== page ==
No food safety threat from cloned animals, EFSA re-confirms

By Rory Harrington

- Last updated on GMT

Related tags Food safety Food Nutrition European food safety authority

There is no indication that eating meat and milk from cloned animals holds any greater food safety risk than consumption of non-cloned food, the European Food Safety Authority (EFSA) has said.

But the food safety watchdog said it could only deliver a risk assessment on pigs and cattle as information on other species remained “limited”.

The agency said it would not be changing its opinion on cloned animals delivered last year as no new scientific evidence had come to light since then. EFSA said its Scientific Committee had reached its conclusion after scrutinising a range of sources – including the close assessment of 100 studies published up to 1 July, 2010, information gathered from research centres in Europe and “elsewhere”,​ and discussions with scientific experts on the issue.

The evaluation by EFSA was carried out in the wake of a request from the European Commission in May 2010.

Food safety

EFSA said evaluation by the panel of experts had served to reconfirm the conclusion that “in relation to food safety, there is no indication that differences exist for meat and milk of clones and their progeny compared with those from conventionally bred animals”.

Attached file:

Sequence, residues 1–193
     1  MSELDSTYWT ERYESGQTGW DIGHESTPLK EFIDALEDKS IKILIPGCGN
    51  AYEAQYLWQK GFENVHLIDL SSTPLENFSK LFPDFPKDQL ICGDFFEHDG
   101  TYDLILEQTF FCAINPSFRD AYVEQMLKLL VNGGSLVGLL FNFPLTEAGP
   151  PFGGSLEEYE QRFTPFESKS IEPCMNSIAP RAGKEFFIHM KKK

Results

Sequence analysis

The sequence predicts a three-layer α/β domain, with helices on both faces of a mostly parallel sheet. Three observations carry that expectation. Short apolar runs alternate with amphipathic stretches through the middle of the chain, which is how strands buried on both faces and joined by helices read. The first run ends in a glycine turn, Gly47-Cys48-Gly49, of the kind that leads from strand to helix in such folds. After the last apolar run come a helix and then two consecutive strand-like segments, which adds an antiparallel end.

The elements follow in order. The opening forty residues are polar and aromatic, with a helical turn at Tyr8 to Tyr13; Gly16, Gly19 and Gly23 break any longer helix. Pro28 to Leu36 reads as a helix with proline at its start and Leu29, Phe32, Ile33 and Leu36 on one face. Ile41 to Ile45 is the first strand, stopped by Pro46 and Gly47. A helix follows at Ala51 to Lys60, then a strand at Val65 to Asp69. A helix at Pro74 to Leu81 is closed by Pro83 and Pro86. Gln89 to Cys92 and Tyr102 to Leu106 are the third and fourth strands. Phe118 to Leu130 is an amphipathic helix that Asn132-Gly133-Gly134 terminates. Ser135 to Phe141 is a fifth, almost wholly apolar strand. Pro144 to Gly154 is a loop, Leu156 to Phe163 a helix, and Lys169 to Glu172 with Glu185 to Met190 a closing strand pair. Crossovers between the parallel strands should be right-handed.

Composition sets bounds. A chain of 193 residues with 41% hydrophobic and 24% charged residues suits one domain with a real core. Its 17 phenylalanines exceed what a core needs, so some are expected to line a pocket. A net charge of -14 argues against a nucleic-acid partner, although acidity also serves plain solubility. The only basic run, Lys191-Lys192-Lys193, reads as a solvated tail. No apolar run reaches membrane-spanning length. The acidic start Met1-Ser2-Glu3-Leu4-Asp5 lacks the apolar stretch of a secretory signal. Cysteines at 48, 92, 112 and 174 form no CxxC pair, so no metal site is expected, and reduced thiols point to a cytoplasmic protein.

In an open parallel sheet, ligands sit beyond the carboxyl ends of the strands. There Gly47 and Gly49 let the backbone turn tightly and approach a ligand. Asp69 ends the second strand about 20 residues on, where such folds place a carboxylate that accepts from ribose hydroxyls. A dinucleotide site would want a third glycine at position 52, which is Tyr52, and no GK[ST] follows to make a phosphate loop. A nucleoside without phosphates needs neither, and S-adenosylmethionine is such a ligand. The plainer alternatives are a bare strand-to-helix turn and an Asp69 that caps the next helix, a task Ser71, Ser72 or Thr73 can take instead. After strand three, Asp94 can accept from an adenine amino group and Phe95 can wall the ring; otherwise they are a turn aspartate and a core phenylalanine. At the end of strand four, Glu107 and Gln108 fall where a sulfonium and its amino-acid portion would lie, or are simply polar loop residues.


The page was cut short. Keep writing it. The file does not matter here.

It cited a 2009 study from Hwang et al​ where meat from cloned cattle made up five per cent and ten per cent of the diets of rats over a two and four week-period - for female and males respectively. These were compared with diets of rats with normal meat or without meat. The daily food consumption in both of the cloned and uncloned meat groups was “significantly lower”​ than the control group.

Using reproductive physiological measure, the study concluded there were “no obvious negative effects were seen in rats fed meat from clones compared with feeding conventional meat”.

The panel also said a study with rabbits produced similar results although the report acknowledged “that rabbits are herbivores and may not be a suitable model for assessing a meat diet”.

Mortality rates

The food safety body reconfirmed that mortality rates and the number of animals born with developmental abnormalities are higher in animal clones than in conventionally bred animals.

Its 2008 opinion concluded that epigenetic dysregulation - the reprogramming of the donor cell - is considered to be the main source of problems for cloned animals that can cause developmental abnormalities or even death.

To read a full copy of the EFSA update click HERE

Related topics Regulation & Safety

Related news

Show more